- Start the SQL Server Network Utility in SQL Server 2000. Select TCP, click Properties, and then enter the additional port separated by a comma; for example: 1433,5000.
- Stop and then restart the SQL Server server, and review the errorlog. Your errorlog should resemble the following:
SQL server listening on TCP, Shared Memory, Named Pipes.<BR/>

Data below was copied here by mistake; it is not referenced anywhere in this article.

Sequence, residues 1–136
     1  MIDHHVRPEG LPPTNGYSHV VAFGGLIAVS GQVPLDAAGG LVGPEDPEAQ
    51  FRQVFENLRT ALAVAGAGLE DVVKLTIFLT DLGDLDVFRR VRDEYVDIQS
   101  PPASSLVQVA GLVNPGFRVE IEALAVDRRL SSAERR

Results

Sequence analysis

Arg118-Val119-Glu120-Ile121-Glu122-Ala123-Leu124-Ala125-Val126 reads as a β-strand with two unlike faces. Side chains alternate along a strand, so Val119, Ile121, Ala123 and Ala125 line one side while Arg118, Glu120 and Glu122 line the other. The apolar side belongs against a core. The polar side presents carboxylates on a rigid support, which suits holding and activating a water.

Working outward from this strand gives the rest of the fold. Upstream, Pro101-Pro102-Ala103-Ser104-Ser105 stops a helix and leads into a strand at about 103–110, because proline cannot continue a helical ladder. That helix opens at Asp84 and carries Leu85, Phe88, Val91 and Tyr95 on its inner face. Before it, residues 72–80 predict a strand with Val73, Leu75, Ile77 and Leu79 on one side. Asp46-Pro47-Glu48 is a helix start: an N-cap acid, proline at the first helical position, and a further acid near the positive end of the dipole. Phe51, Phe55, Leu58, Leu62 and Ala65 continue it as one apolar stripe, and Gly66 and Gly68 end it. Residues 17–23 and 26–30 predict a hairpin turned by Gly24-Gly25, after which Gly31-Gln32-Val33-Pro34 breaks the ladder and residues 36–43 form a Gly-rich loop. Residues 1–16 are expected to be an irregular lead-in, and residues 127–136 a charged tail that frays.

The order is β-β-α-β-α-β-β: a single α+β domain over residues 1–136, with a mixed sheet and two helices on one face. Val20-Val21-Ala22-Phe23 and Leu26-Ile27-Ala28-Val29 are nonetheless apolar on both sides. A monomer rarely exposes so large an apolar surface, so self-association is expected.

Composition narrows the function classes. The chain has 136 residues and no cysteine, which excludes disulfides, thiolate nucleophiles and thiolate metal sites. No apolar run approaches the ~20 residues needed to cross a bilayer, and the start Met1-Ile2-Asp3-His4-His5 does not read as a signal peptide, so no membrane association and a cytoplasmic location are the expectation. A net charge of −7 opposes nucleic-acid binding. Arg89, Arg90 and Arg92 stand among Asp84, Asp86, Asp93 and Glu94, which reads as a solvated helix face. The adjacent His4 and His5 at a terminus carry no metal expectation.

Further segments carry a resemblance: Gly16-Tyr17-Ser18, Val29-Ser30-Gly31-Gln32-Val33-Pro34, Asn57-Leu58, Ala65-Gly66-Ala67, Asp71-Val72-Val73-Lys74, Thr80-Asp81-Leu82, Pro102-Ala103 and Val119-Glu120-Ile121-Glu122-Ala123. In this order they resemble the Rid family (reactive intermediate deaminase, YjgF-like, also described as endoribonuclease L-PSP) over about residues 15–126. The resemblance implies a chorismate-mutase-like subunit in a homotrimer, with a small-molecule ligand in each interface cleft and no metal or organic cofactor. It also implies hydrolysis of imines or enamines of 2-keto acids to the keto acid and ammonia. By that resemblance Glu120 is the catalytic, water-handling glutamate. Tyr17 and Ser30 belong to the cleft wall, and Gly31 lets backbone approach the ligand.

SQL server listening on 126.96.36.199:1433, 188.8.131.52:5000, 127.0.0.1:1433, 127.0.0.1:5000.
- Use the SQL Server Client Network Utility to modify your clients to spread the load accross the TCP ports. For example, two Web servers, both connecting to the same SQL Server on port 1433, can now split the load across 1433 and 5000. This allows the administrator to separate the traffic across multiple ports and increases the connection throughput.